The UK Government announced on 8 July 2015 that the standard UK Insurance Premium Tax (IPT) will increase by 3.5 percentage points (from 6% to 9.5%), with effect from 1 November 2015.
Therefore after 1st November 2015, all taxable premiums received by insurers using the IPT “cash receipt” method will be charged at 9.5% (unless the insurance arrangement is subject to the higher IPT rate of 20%).
This will clearly have an effect on both the Paying Party and the Receiving party who have an insurance premium that remains unresolved in a Bill of Costs.
Receiving Parties must now factor in the increased tax element for all premiums remaining outstanding which have been claimed from the Paying Party by way of either a formal Bill of Costs or merely a without prejudice schedule.
As the increase relates to the payment of premiums paid by the insured after 1st November 2015, consideration should be given to those cases where costs are likely to be agreed before that date but not paid until after that date. Should the additional tax not be factored in when negotiating, difficulties are bound to ensue after costs have been agreed.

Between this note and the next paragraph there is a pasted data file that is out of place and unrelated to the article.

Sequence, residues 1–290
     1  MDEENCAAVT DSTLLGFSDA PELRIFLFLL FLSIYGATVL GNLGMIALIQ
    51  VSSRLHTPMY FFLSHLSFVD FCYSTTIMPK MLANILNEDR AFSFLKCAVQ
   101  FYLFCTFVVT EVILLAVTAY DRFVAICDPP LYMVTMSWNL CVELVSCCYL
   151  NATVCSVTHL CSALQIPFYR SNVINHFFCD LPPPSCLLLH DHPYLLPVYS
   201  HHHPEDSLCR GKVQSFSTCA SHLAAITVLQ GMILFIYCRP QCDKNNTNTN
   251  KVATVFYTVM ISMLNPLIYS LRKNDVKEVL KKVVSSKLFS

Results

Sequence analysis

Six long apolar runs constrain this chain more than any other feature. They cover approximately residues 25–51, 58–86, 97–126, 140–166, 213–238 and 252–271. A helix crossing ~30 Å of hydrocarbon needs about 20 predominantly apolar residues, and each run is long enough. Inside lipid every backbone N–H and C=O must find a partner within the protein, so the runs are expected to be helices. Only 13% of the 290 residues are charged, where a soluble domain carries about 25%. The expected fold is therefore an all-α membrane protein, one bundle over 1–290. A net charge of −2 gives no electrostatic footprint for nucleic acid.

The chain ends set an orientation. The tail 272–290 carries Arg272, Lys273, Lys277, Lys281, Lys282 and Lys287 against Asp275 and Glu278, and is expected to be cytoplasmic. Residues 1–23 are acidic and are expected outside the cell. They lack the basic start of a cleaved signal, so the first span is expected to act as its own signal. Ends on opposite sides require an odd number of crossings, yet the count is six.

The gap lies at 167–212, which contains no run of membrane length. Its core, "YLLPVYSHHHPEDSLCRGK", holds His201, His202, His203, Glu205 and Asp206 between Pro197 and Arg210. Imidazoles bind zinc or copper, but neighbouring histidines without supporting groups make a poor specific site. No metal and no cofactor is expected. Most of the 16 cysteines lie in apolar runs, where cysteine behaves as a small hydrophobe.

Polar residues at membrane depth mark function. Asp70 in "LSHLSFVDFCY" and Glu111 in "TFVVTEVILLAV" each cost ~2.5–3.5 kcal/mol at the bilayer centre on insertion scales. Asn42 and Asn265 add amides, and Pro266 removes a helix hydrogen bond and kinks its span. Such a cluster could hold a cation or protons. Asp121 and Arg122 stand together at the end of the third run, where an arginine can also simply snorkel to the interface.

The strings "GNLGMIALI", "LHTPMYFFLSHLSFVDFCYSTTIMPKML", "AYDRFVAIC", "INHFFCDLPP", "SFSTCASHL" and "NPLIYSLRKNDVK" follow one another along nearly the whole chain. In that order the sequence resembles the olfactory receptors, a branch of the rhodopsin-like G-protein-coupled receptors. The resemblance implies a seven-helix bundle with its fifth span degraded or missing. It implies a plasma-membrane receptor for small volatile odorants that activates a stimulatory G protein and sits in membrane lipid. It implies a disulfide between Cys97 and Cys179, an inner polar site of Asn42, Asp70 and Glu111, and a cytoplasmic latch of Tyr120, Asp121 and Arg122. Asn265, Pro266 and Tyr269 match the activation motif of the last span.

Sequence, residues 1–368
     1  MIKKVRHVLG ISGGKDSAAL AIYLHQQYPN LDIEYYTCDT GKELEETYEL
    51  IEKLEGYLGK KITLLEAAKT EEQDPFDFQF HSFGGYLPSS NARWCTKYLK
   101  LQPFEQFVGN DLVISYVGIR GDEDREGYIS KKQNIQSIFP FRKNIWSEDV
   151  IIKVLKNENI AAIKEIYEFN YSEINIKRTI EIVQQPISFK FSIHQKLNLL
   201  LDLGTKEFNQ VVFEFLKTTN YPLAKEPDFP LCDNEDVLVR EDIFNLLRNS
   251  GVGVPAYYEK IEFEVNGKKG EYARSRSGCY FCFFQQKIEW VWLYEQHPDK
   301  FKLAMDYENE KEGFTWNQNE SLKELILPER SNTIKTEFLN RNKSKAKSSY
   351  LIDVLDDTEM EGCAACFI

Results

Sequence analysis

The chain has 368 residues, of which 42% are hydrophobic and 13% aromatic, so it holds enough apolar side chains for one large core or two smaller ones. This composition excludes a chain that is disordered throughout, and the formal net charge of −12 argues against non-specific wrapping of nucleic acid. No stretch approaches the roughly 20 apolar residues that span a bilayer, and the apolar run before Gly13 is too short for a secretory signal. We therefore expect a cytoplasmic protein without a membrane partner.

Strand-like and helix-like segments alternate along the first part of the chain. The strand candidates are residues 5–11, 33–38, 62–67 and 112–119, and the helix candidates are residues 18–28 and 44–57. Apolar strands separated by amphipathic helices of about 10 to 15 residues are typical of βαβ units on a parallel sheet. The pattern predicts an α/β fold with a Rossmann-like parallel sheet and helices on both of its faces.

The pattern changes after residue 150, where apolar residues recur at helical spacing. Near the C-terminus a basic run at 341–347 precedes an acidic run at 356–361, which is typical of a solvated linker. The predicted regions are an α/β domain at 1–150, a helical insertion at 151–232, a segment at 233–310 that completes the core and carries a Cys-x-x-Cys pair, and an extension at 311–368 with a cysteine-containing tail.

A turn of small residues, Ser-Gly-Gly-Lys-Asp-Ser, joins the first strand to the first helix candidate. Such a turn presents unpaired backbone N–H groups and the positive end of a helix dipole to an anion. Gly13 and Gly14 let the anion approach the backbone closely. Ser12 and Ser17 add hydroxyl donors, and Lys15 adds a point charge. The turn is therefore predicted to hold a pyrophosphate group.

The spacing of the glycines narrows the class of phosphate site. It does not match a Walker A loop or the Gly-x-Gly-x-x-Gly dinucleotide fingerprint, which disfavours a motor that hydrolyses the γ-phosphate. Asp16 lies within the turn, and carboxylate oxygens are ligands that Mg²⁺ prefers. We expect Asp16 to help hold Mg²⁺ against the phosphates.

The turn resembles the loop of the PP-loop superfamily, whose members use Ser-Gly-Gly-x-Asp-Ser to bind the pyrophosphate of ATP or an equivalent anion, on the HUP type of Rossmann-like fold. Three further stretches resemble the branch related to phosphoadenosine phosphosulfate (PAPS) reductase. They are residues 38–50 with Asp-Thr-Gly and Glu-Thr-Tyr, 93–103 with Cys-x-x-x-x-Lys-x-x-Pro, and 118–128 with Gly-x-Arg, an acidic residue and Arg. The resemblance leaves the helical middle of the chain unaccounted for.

Notification should be given to the paying party that, unless payment is received within a time frame to enable payment of the premium to the insurance company concerned, then the additional tax will be recoverable from that party.
Paying Parties should now give serious consideration to paying all ATE insurance premiums that are not in dispute with immediate effect.
Payment should be made with a statement that this payment on account relates specifically to the insurance premium and that no liability is accepted if the receiving party fail to forward this payment to the insurance company before the 1st November.
Both parties should ensure that their current Costs draftsman and costs negotiators are fully aware of the forthcoming change and are dealing with the situation accordingly.
If you have any queries regarding this, or any other costs matter, then please get in touch. We would be happy to assist.